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Sandy death toll rises, recovery pace criticized

Sandy death toll rises, recovery pace criticized
As the waters of Sandy recede in the US, the death toll continues to rise, with the total now at 98 as more bodies are being discovered during clean-up operations. Millions are still left without power and victims are beginning to feel ignored.

New York State officials said the local death toll had increased to 41 on Friday, including two boys, age two and four, who were swept away from mother’s arms while stuck in a car amidst floodwaters.At this point 3.8 million Americans remain without power, including 3.2 million in the states of New Jersey and New York alone. Nearly 400,000 Pennsylvania residents are still suffering from power outages, and a quarter of a million people share their fate in Connecticut. Most other states along the East Coast have had power completely or mostly restored. One of the hardest-hit regions was New Jersey, with 14 reported deaths. Thousands who have fled their homes to escape the flood are unable to return home due to high water levels and 1.6 million still remain without power there.  Most of the state’s transit system is not functional and gasoline shortage is making it difficult for people to use their own vehicles. "Literally digging through rubble, we have found some of our exposed, broken pipes with flare-ups on the ends of them," said Micah Rasmussen, a spokesman for New Jersey Natural Gas.In Hoboken, New Jersey, 20,000 residents became stranded in their homes when the Hudson River broke its banks and flooded parts of the city. Residents were told to stay away from the water, as it was tainted with sewage and chemicals from the area's various industries. “When the storm hit, it looked like rushing rapids outside. The water was chest-level. Now, three days later, there’s raw sewage and oil in the street. It’s a real health hazard. I saw people walking barefoot,” said local homeowner Deborah Cohen as quoted by France 24. “A lot of people have left town, because they don’t have heat or electricity. We’ve been flooded before, but this is by far the worst I’ve ever seen. It’s going to be pricey to repair.”

In New York, four of the city’s seven subway tunnels were flooded and three still remain underwater. Over a million are still without power and 900,000 of those will remain so until November 11, while Manhattan is said to get its lights back by midnight on Friday. New York’s Staten Island, which houses 500,000 residents, mostly blue-collar workers, was hit the worst during Sandy, with more than 80,000 residents still without power, many homeless, and at least 19 dead because of the storm.And only four days after the storm, supplies are making their way to the area. Staten Island Borough President James Molinaro expressed his anger at what he sees as a slow relief effort. "This is America, not a third world nation. We need food, we need clothing," Molinaro told ABC news. The Federal Emergency Management Agency's (FEMA) is now shifting focus from search and rescue to power restoration, floodwater pumping operations, providing basic necessities and reaching out to hard-hit communities, reported Washington Post. However, many of the victims’ frustrations are growing as they feel forgotten about.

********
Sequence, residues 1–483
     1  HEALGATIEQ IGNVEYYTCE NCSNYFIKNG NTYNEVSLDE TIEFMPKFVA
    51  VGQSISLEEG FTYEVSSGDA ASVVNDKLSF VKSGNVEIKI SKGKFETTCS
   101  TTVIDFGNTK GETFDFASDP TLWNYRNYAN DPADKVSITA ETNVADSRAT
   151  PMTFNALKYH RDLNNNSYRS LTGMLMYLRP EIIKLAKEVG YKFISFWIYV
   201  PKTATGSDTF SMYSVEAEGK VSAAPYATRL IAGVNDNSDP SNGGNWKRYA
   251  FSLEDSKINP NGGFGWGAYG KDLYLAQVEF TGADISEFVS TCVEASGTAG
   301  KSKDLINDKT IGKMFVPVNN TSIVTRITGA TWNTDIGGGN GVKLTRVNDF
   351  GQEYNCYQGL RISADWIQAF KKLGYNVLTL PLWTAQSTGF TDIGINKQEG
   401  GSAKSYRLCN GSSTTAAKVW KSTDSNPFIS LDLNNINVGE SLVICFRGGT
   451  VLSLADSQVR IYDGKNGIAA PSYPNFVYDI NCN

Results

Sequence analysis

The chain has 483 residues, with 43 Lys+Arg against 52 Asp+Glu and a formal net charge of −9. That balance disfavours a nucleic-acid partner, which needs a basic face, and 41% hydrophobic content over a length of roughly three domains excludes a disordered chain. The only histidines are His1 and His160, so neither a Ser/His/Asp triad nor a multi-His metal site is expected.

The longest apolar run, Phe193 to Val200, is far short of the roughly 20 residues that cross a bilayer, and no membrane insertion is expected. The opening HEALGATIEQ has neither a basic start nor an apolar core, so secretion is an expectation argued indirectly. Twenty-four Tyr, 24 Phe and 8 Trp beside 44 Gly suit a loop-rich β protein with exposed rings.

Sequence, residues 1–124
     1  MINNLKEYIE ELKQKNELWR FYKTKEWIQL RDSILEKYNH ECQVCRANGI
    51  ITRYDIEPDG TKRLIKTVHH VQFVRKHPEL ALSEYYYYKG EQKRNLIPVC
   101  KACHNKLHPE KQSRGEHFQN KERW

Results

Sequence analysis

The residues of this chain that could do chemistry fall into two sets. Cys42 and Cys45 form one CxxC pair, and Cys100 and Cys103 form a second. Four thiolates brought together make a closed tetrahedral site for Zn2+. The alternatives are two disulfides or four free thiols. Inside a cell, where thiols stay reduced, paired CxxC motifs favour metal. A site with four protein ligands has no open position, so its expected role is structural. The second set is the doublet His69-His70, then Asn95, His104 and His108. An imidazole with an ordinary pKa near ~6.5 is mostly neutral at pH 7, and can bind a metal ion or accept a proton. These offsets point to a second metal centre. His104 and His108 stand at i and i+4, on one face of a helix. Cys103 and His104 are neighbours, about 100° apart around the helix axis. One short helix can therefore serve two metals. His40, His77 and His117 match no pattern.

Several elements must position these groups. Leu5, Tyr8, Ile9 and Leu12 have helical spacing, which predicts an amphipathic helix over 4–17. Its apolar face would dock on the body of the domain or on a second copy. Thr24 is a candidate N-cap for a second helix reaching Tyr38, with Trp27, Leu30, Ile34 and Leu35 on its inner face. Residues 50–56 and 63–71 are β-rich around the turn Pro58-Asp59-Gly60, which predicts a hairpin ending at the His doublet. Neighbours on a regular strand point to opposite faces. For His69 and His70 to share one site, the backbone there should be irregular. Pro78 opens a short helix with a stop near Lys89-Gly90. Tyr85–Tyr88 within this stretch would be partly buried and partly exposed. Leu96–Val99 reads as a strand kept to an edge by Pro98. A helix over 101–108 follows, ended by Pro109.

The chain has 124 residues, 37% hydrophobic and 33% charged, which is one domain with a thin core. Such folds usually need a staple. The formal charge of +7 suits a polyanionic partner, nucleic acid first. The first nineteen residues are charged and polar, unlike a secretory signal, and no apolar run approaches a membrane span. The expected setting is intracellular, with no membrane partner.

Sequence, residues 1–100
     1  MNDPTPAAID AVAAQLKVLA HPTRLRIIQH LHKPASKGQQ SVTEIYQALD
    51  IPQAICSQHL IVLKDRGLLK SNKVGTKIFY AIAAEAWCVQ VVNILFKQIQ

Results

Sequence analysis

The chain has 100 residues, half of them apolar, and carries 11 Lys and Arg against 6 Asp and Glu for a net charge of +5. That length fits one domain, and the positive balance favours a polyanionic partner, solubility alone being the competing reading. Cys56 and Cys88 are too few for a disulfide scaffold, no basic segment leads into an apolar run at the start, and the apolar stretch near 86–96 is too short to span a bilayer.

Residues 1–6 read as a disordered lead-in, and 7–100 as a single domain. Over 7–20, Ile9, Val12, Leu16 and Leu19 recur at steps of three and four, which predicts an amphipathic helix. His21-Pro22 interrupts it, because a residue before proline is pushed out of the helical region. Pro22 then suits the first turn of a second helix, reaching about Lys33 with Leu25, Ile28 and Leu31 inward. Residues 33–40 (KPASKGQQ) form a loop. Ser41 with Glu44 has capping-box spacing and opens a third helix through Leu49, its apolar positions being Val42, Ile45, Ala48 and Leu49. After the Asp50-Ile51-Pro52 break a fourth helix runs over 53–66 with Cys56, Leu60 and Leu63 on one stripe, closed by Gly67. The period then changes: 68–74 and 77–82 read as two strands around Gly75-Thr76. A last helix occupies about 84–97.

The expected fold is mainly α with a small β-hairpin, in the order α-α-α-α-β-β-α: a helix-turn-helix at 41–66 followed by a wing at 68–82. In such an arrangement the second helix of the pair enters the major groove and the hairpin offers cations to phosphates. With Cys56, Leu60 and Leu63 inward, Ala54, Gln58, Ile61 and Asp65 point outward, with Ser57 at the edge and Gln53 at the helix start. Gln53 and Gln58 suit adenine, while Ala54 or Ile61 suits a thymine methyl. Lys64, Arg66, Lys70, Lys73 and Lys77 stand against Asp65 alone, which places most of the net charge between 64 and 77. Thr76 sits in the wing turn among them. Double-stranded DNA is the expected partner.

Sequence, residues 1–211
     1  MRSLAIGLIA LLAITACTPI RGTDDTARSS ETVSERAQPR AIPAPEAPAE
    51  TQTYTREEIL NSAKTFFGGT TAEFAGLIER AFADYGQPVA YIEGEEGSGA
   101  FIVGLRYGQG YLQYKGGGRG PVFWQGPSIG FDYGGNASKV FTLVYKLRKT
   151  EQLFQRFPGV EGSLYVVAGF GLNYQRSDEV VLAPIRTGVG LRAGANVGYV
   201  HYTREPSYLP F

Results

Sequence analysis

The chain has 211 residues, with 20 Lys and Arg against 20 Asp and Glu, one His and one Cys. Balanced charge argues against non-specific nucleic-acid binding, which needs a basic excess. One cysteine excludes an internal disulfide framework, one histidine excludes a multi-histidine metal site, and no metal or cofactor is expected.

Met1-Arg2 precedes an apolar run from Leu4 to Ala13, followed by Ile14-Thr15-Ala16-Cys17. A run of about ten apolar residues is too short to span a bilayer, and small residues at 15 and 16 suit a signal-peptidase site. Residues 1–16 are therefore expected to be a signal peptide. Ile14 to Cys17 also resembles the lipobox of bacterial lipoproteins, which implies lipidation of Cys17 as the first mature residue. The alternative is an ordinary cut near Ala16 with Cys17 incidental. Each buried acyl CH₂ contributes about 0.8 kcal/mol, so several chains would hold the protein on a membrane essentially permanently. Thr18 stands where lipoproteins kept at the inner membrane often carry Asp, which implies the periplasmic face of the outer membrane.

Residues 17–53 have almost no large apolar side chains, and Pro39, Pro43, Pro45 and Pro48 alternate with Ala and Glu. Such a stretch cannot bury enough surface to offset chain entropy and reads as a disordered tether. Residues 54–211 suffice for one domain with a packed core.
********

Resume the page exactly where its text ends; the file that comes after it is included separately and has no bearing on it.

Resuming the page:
Feeling helpless

New York City Mayor Michael Bloomberg announced Thursday that New Yorkers need to have patience with recovery efforts. "We are desperately trying to help everybody," said Bloomberg. At the same time he stated that NY is fine and will be proceeding with the world’s largest marathon on Sunday, with 40,000 runners participating. "The city of New York right now is talking about getting water out of the Battery Tunnel and preparing for a marathon," member of US House of Representatives Michael Grimm told NBC News. "We're pulling bodies out of the water. You see the disconnect here?"Even elected officials are pleading for more help fast.

Molinaro criticized the Red Cross, calling it an “absolute disgrace” and even asked people to stop donating. “The first responders came through, but since then no one has been down here," Russell Isak from Staten Island told The Wall Street Journal. "No agency has been down here. Nothing."The damage is truly grave and estimated at up to $20 billion in insured losses and $50 billion in economic losses, according to disaster modeling company Eqecat.Insurance Information Institute ranks Sandy as the fourth costliest US disaster, behind Hurricane Katrina in 2005, the September 11, 2001, attacks and Hurricane Andrew in 1992.Other states suffering significant death tolls were Pennsylvania with 12 and West Virginia with 6.